What I Thought I Knew About Estate Planning but Really Didn’t

Share this post
Get the facts about Estate Planning

Common estate planning misconceptions come when people know the concept but aren’t very clear on the specifics involved. These myths can result in people to believing that an estate plan is unnecessary. By debunking common estate planning myths, individuals can then embrace the need to protect their vulnerable assets, plan for the transfer of wealth to their beneficiaries, and craft a plan for generational success. Let’s take a look:

1. Wills avoid Probate- FALSE

Wills don’t avoid probate; in fact, they all but guarantee it. A will provides the court with guidance on your wishes, it doesn’t avoid the probate process – only a trust can do that.

2. There will be a reading of the will – FALSE

A reading of the will is one of those classic movie moments but, while dramatic and compelling, this typically never happens today. Wills were read before photocopies were invented, in times when many people were illiterate.

3. My will controls all my assets – FALSE

A will normally controls the assets in your name upon your death but there are certain assets that are not subject to the terms of your will. The most common type is jointly owned property. Additionally, certain assets (life insurance policies and retirement accounts) usually pass by a beneficiary designation and will pass directly to the named beneficiary (whether an individual or a trust) instead of having to be subject to review by the court.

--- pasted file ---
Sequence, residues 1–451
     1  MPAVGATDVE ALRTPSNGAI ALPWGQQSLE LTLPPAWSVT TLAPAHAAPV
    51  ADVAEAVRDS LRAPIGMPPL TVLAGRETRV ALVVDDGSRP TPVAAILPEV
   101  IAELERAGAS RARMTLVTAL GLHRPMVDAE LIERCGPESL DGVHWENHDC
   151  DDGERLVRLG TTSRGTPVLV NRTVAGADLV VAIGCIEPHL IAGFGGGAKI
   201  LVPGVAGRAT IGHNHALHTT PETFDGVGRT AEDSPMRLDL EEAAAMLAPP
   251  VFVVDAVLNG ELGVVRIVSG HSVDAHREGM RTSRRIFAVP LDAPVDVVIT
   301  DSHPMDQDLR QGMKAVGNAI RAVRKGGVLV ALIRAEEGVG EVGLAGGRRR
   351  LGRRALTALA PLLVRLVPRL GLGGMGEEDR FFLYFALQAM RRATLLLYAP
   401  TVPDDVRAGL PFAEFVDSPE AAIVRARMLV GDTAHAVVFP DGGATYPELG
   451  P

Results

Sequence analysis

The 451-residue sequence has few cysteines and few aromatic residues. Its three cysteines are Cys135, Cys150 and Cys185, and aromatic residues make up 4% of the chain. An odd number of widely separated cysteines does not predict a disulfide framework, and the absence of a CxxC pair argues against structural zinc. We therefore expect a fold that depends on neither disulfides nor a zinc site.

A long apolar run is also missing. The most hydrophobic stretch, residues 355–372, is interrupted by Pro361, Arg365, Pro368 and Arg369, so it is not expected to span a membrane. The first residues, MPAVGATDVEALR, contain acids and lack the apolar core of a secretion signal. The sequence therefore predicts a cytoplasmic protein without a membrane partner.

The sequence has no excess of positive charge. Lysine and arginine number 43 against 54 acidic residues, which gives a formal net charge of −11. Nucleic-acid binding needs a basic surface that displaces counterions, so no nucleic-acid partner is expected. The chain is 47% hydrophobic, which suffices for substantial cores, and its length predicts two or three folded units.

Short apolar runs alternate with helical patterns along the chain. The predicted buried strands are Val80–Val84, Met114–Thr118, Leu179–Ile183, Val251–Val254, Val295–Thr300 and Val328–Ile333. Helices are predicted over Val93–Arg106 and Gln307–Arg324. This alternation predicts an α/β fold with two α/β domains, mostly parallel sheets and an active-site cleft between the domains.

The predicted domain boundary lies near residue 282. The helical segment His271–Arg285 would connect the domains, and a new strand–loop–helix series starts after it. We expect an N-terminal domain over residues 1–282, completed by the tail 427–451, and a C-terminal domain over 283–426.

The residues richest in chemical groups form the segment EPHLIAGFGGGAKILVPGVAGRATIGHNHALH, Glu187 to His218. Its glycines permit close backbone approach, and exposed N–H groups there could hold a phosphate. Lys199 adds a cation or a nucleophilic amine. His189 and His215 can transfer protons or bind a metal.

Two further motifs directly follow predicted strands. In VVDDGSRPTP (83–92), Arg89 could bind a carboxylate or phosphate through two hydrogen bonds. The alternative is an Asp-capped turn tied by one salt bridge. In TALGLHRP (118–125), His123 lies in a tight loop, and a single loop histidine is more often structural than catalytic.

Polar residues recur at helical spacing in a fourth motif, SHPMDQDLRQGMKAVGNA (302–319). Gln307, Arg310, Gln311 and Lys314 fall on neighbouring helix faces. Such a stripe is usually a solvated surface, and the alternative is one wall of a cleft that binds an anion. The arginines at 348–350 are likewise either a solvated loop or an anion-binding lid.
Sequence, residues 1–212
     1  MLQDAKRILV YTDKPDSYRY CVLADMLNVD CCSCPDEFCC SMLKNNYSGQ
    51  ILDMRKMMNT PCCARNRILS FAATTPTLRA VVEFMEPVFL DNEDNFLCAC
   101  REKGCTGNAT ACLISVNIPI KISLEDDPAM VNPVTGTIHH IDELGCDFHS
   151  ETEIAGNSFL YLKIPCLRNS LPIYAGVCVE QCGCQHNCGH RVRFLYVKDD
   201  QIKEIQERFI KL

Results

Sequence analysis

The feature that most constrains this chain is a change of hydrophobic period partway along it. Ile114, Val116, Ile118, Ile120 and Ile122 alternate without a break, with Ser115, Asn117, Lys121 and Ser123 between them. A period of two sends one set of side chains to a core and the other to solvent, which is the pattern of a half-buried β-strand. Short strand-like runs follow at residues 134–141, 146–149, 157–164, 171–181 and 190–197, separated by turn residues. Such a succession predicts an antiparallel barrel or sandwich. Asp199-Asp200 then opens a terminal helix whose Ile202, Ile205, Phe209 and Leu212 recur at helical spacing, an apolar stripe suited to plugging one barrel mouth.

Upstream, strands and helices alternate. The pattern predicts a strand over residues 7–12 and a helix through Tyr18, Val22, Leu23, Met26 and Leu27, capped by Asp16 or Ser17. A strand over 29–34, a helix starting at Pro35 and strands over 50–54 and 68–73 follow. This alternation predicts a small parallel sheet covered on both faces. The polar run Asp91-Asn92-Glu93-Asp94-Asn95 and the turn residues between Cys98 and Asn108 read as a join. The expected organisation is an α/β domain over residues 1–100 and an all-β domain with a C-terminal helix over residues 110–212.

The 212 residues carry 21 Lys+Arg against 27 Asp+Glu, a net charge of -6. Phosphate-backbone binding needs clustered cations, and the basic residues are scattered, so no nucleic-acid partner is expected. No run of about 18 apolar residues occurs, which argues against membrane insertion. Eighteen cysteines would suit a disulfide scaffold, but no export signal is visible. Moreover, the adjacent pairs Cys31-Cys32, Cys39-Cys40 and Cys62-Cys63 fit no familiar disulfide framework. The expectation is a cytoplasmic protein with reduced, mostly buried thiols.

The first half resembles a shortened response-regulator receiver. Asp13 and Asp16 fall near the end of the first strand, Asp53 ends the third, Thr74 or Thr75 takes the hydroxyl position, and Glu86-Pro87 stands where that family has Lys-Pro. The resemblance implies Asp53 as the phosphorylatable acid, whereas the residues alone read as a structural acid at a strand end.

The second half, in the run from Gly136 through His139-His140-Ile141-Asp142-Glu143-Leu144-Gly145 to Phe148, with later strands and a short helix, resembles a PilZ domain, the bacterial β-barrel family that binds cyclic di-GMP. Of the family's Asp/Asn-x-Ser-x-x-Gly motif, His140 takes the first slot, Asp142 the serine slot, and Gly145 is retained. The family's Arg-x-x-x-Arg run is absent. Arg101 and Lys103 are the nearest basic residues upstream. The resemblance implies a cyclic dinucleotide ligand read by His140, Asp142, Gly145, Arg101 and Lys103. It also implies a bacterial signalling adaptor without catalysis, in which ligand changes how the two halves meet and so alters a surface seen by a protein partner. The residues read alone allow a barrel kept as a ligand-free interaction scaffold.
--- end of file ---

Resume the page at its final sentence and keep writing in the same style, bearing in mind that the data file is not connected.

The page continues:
4. If I die without a will, everything goes to the state – FALSE

If you pass without a will, each state applies what are known as “laws of intestacy” to determine who will inherit what and how your property will pass upon your death. The only way a government will inherit your estate is if you die intestate (without a will) and have no identifiable surviving heirs or creditors.

5. I don’t need a will – my spouse has Power of Attorney over all of my accounts – FALSE

A power of attorney is a legal document that lets someone you trust stand in for you when it comes to certain legal, financial, or medical matters while you are still alive. Unfortunately, a power of attorney ceases to be effective upon death. That is where a will or trust takes over.

6. I downloaded a will – that’s good enough – FALSE

For a will to be recognized as a legal document it must be witnessed by two or three people – depending on the state laws.

7. I will never go into a nursing home – FALSE

Studies show that 69% of adults age 65+ will likely need in-home, assisted living or nursing home care. Early planning is critical based on the rules imposed by Medicaid, and the need to get long term care insurance before you receive a critical diagnosis. Failure to plan for this type of care can destroy even the best laid retirement plan.

8. I can do a DocuSign, right?- FALSE

Most jurisdictions will not accept electronic signatures on customary estate planning documents like trusts, wills, and codicils.

9. Marriages are for life – FALSE

Failure to consider the effects of divorce in estate planning can result in a former spouse being the beneficiary of certain assets upon your death, if not updated after the divorce is final.

10. Trusts are only for rich people – FALSE There are numerous benefits for choosing a trust (revocable or irrevocable) over a will. Trusts are much easier and faster to administer than wills. Trusts avoid probate altogether, and may provide tax savings and other advantages in the long run.